Victorian Style Modular Home Plans | Small, One-Two Story

Small Victorian Modular Homes

Our exciting page offers a wide choice of Victorian style modular home plans and contemporary design. Some plans two-story home our traditional style. For example we offer very stylish, elegant Victorian modular home plans. We also offer a modular two-story house is more contemporary with some garage roof line and into the front that adds considerable character. Two good examples of these Victorian modular home floor plans are friendly to follow. Deck with no roof is nothing, find some ideas here.

Victorian Modular Homes Prices

Sterling Modular Homes Inc. is proud to introduce our gracious Victorian home series featuring eight new and sophisticated design. Dramatically different this series will take you back to a time that is elegant with impressive details and elaborate style. This versatility of our design allows you to enjoy the beauty of yesterday combined with the convenience of today. As usual Sterling Modular Homes Inc. is factory built using the best materials and state of art construction technology. Remember Victorian style modular homes you are a solid choice for lasting value.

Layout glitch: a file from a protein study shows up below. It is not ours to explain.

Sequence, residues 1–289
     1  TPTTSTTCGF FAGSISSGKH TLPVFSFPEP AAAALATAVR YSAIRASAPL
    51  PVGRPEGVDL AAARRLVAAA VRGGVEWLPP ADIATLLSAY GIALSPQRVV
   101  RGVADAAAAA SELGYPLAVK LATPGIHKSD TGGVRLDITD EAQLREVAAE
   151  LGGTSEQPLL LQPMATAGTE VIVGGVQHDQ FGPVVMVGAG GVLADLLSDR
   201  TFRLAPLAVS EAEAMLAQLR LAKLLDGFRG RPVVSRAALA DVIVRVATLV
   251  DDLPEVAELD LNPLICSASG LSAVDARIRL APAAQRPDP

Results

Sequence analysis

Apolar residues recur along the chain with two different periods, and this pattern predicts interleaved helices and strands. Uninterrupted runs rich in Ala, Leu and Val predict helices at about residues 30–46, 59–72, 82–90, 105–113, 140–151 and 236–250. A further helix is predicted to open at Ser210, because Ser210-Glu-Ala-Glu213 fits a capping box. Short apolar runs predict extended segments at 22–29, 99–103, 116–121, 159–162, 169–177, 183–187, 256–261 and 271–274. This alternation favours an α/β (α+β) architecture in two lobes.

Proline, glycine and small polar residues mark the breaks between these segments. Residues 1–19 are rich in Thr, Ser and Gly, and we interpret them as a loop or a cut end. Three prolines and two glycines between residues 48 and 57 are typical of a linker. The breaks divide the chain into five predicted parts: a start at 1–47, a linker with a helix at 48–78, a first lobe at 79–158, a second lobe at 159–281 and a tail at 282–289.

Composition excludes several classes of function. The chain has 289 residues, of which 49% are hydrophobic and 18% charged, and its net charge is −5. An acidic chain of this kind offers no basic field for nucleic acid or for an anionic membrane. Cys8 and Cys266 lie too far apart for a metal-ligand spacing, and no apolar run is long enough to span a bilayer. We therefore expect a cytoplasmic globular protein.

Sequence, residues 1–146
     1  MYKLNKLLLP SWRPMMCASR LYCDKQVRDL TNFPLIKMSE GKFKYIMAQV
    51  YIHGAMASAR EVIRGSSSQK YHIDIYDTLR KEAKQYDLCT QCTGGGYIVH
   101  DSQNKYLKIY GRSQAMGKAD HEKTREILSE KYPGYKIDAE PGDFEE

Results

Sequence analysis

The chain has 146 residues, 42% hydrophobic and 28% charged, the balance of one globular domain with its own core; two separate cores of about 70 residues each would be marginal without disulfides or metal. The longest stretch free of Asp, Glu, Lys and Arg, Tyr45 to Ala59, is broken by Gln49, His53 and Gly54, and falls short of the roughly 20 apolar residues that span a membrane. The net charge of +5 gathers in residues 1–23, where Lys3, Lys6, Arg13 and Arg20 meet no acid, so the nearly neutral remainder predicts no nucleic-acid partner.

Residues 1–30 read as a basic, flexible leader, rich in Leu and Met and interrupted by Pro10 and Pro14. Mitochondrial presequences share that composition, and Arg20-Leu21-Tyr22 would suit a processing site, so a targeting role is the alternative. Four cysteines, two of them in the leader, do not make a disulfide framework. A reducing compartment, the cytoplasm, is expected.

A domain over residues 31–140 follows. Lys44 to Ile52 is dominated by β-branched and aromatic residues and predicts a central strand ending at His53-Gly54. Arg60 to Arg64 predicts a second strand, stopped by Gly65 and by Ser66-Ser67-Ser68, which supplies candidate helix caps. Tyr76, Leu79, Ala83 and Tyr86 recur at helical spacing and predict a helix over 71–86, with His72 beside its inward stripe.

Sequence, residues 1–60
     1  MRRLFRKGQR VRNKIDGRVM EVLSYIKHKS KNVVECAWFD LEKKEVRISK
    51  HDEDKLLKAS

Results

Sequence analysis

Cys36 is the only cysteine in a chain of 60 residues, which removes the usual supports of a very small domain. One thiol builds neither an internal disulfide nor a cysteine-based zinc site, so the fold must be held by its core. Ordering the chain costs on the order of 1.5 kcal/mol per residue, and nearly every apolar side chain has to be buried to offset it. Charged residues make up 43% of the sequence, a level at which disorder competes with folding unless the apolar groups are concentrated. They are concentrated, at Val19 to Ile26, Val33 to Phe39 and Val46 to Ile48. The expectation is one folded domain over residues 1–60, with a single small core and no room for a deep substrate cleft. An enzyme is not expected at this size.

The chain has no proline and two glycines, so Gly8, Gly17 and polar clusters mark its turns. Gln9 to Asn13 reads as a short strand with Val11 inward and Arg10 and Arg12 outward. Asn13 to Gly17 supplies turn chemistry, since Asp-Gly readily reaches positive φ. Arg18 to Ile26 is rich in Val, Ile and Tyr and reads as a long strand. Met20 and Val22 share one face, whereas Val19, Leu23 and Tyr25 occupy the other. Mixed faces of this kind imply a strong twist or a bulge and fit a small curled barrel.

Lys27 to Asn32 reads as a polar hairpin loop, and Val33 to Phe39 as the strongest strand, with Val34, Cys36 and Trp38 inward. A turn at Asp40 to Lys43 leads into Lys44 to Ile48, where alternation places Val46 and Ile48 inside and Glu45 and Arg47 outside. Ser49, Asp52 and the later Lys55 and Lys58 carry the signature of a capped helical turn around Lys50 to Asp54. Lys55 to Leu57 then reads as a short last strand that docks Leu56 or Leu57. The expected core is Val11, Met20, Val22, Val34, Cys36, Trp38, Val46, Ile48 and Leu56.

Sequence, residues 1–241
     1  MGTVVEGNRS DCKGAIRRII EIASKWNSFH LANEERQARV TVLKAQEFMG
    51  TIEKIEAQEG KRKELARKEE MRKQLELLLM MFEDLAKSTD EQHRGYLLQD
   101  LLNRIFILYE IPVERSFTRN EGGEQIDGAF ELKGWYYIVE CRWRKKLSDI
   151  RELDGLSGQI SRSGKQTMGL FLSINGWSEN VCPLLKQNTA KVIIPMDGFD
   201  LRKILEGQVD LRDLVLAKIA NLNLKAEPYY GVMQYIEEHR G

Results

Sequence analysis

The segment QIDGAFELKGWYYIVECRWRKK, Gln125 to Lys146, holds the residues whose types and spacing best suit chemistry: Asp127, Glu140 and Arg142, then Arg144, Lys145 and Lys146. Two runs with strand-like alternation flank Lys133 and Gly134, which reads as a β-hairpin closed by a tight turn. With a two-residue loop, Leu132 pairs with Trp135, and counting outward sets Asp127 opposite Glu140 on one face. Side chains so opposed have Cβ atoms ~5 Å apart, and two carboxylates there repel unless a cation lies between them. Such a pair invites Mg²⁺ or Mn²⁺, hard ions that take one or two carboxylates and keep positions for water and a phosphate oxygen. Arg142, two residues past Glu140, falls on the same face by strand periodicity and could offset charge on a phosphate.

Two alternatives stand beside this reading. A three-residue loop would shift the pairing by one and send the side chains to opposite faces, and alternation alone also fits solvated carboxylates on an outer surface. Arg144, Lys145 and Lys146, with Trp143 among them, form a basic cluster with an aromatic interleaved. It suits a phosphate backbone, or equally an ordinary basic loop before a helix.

Here you will learn how to build roof rafters for your storage shed. From cutting the rafter parts out to building a jig and assembling the rafters!” victorian style modular homes  A rafter is one side of the rafter assembly. The rafter assembly is made by using an O.S.B. gusset to attach two rafters together. The first rafter will be used as a template to aid in marking the remaining rafters. This ensures that they are as close to the same size as possible. The first step in building the roof rafters is to cut one rafter board to length with the ends angled properly and then to mark and cut the birds mouth and seat on the rafter. The ridge end of the rafter, and often the eve end, will need to be cut to the angle of the roof slope. The roof on this shed is a 4 in 12 slope which makes it a 18 and one half degree angle on the board ends. A rafter or speed square will have marks for both of these angles. Measure from the eve end of the rafter board to the long point that will be the ridge of the rafter and place a mark on the board, this is the overall length of the rafter. Use the square to make a square line on the board that goes from edge to edge of the board. Now take the square and put the pivot point, on the point where the line you made meets the edge of the board. Pivot the square until the 4 on the Common markings lines up with the edge of the board. Mark the board with this angle. You will also notice that the 18 and one half mark on the Protractor markings will be lined up with the edge of the board.

Victorian Style Modular Homes